In the multivariable model, the effect of maintenance therapy alone on ICS-free time was diminished (HR: 0.95; 95% CI: 0.88, 1.02; P = 0.16), but with statistical evidence of an interaction with the presence of COPD review period at the start of withdrawal. The interaction between maintenance therapy and COPD review suggested that patients on maintenance therapy who had a COPD review coded coinciding with withdrawal date were 28% less likely (HR: 0.72; 95% CI: 0.61, 0.85; P < 0.001) to restart ICS compared with patients with no maintenance therapy that did not have a COPD review at the start of withdrawal (Table 4).

Table 4 Modification of the effect of maintenance therapy group on restarting ICS therapy by the COPD review at the date of withdrawal.

In addition, COPD review at the start of withdrawal was independently shown to be associated with a longer withdrawal period until ICS restart in both the univariable (HR: 0.67; 95% CI: 0.62, 0.72; P < 0.001) and multivariable (HR: 0.86; 95% CI: 0.76, 0.97; P = 0.01) models (Table 3).

Patient outcomes

During the ICS-free period studied, the majority of patients that had withdrawn ICS did not experience any exacerbations (N = 7654; 69%), COPD-related hospitalisation (N = 9873; 89%), primary care recorded pneumonia episodes (N = 9651; 87%), or hospitalised pneumonia episodes (N = 10,316; 93%) (Fig. 4). COPD exacerbations were higher in the maintenance therapy group with most of these patients experiencing ≥1 exacerbation event prior to the start of maintenance therapy (N = 1693 of 3849 patients, 44%; P < 0.001) compared to patients without maintenance therapy (N = 2622 of 11,093 patients; 24%). The overall rate of hospitalised pneumonia episodes remained similar but slighter higher in patients receiving maintenance therapy (maintenance therapy: 0.45 per 1000 person-days, P = 0.02; no maintenance therapy: 0.41 per 1000 person-days) (Supplementary Table 3).

Fig. 4: Frequency of clinical outcomes during periods of ICS-free time by the patient group.
figure 4

Clinical outcomes included the number and percentage of patients experiencing exacerbations, hospitalisations, GP consultations, use of short-acting bronchodilator therapies, and pneumonia episodes by those receiving maintenance therapy and those without maintenance therapies.

Sensitivity analysis

Increasing the minimum time defining the ICS-free period from 6 months to 9 months reduced the number of patients defined as withdrawing ICS therapy from 11,093 to 5544. Of those withdrawing, 2116 patients (38.2%) received maintenance therapy during the withdrawal period and 3428 patients (61.8%) did not receive any maintenance therapy. As in the main analysis, the observed median withdrawal time up to the restart of ICS was longer in patients receiving maintenance therapy than in those that did not (12.6 months; IQR 10.3–17.1) vs. (11.7 months; IQR 10–15.4).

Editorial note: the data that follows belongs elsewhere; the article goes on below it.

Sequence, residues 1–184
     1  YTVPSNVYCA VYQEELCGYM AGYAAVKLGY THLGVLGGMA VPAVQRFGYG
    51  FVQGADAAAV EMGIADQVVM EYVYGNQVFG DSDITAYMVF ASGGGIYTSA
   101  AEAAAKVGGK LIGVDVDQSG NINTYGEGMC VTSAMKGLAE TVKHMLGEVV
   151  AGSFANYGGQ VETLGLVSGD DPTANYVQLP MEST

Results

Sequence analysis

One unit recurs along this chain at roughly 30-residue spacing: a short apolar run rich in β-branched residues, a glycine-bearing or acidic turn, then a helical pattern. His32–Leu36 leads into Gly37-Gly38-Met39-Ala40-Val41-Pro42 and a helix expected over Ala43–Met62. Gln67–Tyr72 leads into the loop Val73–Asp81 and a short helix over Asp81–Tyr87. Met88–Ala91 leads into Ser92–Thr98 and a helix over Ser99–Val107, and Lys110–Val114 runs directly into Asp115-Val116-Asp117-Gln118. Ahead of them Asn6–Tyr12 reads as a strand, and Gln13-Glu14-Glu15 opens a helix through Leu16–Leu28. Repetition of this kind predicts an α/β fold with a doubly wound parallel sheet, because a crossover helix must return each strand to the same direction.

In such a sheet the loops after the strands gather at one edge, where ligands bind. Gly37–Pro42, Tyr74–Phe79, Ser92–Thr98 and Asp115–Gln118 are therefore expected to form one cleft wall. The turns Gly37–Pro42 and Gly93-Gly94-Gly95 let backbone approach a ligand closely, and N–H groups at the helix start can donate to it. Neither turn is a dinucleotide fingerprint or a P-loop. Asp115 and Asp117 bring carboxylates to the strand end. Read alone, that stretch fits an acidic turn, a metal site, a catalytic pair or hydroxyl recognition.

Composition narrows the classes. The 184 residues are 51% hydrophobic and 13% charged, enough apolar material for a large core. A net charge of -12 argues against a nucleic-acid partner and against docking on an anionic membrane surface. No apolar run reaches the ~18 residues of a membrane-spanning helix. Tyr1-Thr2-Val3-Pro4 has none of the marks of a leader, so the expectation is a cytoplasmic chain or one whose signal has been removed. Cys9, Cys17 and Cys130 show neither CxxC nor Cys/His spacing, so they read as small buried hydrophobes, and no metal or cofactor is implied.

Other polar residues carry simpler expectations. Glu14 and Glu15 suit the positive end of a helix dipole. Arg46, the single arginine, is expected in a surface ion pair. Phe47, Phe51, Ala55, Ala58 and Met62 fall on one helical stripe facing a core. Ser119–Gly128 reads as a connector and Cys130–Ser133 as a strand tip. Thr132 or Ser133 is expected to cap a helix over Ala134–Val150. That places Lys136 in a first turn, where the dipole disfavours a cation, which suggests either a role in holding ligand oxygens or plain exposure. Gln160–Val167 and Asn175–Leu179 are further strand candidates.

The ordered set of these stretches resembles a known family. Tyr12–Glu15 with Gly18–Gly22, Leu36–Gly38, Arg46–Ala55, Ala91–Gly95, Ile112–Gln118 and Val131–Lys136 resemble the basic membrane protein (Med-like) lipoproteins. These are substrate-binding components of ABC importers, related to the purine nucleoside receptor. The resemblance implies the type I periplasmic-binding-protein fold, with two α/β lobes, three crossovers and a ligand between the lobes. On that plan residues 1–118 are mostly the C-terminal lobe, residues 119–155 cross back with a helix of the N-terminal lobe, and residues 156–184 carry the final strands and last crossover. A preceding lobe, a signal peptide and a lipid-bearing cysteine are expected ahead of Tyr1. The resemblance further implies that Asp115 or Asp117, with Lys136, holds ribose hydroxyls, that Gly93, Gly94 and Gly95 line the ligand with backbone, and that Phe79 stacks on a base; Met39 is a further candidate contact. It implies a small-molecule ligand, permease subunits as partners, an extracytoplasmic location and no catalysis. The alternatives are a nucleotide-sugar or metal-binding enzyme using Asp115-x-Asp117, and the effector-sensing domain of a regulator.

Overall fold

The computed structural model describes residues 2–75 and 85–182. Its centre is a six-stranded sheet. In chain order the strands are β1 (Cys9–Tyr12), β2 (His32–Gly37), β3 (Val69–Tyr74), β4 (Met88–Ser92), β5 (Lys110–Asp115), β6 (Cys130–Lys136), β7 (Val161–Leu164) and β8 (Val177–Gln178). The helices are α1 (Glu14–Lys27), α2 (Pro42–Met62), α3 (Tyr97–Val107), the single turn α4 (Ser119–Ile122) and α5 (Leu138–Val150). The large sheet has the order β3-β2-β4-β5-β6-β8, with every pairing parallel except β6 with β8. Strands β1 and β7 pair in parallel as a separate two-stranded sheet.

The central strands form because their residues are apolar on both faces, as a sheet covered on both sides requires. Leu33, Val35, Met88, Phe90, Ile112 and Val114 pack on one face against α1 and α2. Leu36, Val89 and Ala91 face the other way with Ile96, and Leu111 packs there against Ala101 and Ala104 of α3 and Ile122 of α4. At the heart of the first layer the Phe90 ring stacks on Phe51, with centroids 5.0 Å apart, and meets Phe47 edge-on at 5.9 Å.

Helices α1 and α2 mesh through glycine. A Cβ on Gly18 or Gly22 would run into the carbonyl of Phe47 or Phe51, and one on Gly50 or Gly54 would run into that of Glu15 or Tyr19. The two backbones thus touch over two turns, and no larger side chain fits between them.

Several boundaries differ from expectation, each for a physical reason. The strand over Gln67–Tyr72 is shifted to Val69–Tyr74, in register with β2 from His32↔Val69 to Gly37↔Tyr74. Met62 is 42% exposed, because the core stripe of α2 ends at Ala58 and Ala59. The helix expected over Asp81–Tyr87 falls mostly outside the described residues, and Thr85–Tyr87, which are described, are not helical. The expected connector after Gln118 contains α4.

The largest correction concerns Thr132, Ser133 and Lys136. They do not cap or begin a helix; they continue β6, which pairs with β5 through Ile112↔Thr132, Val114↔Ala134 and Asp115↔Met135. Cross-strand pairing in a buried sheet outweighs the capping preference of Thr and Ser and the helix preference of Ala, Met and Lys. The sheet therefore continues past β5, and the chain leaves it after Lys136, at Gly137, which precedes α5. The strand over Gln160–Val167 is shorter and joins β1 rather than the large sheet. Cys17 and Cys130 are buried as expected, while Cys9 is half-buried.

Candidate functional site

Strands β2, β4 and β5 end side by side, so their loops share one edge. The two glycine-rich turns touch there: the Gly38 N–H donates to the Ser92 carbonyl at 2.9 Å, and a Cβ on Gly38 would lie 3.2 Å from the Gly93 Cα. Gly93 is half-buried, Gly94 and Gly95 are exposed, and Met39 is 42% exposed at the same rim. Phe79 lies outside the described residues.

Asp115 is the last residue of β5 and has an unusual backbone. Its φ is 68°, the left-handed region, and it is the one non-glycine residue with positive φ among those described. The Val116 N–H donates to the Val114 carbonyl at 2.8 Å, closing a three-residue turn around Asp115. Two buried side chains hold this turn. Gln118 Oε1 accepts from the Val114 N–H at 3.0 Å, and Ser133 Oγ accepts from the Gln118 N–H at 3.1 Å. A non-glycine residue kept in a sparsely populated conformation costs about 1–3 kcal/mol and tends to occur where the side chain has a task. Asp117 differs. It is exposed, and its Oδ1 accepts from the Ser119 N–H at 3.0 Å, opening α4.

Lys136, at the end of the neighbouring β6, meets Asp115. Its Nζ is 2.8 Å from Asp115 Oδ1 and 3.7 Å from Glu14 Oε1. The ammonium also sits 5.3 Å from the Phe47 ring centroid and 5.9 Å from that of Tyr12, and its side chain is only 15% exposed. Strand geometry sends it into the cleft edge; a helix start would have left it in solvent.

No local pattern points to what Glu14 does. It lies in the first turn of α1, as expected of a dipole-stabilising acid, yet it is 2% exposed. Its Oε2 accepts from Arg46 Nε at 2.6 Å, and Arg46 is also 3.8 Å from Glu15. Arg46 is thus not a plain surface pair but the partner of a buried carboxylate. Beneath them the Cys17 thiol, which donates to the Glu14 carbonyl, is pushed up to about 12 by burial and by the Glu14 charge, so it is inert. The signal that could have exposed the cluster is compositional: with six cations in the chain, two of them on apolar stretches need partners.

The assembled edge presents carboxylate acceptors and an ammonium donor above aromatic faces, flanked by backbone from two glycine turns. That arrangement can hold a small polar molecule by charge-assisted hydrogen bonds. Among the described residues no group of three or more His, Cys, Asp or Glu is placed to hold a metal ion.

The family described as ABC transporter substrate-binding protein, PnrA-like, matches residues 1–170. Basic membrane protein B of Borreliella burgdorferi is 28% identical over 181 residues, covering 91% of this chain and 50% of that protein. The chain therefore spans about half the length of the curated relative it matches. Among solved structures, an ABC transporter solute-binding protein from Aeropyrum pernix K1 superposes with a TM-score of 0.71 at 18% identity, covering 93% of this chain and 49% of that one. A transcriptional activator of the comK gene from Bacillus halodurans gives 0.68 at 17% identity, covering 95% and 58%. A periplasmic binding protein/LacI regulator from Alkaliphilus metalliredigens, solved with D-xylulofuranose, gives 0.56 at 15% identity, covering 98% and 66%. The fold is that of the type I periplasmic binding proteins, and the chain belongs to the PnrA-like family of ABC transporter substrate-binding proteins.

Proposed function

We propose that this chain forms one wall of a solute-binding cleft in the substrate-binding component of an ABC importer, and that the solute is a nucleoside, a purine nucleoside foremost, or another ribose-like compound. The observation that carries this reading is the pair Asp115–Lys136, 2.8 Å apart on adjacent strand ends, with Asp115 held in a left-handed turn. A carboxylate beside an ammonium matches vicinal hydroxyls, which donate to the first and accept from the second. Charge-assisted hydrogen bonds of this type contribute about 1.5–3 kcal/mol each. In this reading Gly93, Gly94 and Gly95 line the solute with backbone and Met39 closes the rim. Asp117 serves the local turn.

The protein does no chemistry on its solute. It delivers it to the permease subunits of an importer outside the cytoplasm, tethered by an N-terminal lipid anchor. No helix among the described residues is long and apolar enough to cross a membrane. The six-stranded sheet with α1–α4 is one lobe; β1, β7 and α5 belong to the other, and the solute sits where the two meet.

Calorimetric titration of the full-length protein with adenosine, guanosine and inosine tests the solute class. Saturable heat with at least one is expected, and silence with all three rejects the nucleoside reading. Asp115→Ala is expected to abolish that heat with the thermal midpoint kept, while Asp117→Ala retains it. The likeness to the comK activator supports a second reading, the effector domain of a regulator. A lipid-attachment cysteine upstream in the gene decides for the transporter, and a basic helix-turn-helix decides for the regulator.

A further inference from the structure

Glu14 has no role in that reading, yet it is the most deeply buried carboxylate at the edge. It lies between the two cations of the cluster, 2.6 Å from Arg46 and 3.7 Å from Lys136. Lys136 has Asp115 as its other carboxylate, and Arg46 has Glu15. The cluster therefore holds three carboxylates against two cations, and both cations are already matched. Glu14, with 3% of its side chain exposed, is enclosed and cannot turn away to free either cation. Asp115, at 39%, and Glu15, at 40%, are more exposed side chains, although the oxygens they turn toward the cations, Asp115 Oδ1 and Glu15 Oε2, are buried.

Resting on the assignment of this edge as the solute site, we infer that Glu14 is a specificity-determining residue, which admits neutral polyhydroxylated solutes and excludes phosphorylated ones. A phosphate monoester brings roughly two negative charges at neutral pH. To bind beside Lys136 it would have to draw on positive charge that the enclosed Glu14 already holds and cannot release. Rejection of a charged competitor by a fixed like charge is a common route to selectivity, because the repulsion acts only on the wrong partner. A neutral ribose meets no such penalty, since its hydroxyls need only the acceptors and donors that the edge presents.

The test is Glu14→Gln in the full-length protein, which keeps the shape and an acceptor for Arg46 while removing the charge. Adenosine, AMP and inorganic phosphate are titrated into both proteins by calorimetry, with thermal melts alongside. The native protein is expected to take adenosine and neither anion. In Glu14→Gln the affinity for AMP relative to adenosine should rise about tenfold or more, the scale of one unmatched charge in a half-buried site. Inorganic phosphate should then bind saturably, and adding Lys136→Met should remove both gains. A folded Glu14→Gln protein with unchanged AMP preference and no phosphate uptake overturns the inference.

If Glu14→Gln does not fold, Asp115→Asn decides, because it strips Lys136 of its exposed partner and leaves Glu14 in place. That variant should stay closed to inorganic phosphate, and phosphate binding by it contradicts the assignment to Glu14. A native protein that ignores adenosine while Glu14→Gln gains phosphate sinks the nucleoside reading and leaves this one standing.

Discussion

A minority of patients receiving the first maintenance therapy after the first 6 months of ICS-free time (8.9%, N = 343 of 3849) were originally categorised in the regression models as having no maintenance therapy to prevent immortal time bias. These patients were reassigned to the maintenance therapy group at the point of their first maintenance therapy prescription to understand the impact of a time-dependent variable in the association between use of maintenance therapy and ICS-free time. The reanalysis of time to ICS restart for these patients showed comparable results to the primary analysis (Supplementary Table 2).

Lastly, the proportion of patients with long-term (12 or more months) ICS termination without an observed restart was calculated for patients receiving maintenance therapy and for patients without maintenance therapy. Patients on maintenance therapy were more likely to remain ICS free for ≥12 months. Approximately 1.4% (n = 52 of 3849) patients receiving therapy had an ICS withdrawal >5 years compared with 0.73% (n = 53 of 7244) patients without therapy. Although it is not known whether patients restarted ICS after the end of the study period, this subgroup of patients with >5 years of ICS withdrawal may indicate a permanent shift to non-ICS maintenance therapies.

Discussion

This study describes COPD patients on regular ICS therapy who underwent a period without evidence of ICS prescription of at least 6 months. Of patients who had at least 12 months of ICS use prior to withdrawal, 11,093 (14.4%) withdrew ICS with approximately one-third receiving maintenance therapy at some point during the period following withdrawal. The remaining (65%) of patients that did not receive maintenance therapy in the period following ICS withdrawal may include patients with mild or improving symptoms that needed minimal intervention. In addition, these patients may have been prescribed a short-acting muscarinic antagonist (SAMA) and or short-acting beta-agonist inhaler (SABA) inhaler to control symptoms when needed. In addition, GOLD classification and exacerbation rates between patients receiving maintenance therapy compared to those not receiving maintenance therapy may indicate that this cohort overall had the less severe disease when contrasted to patients receiving inhaled maintenance therapy.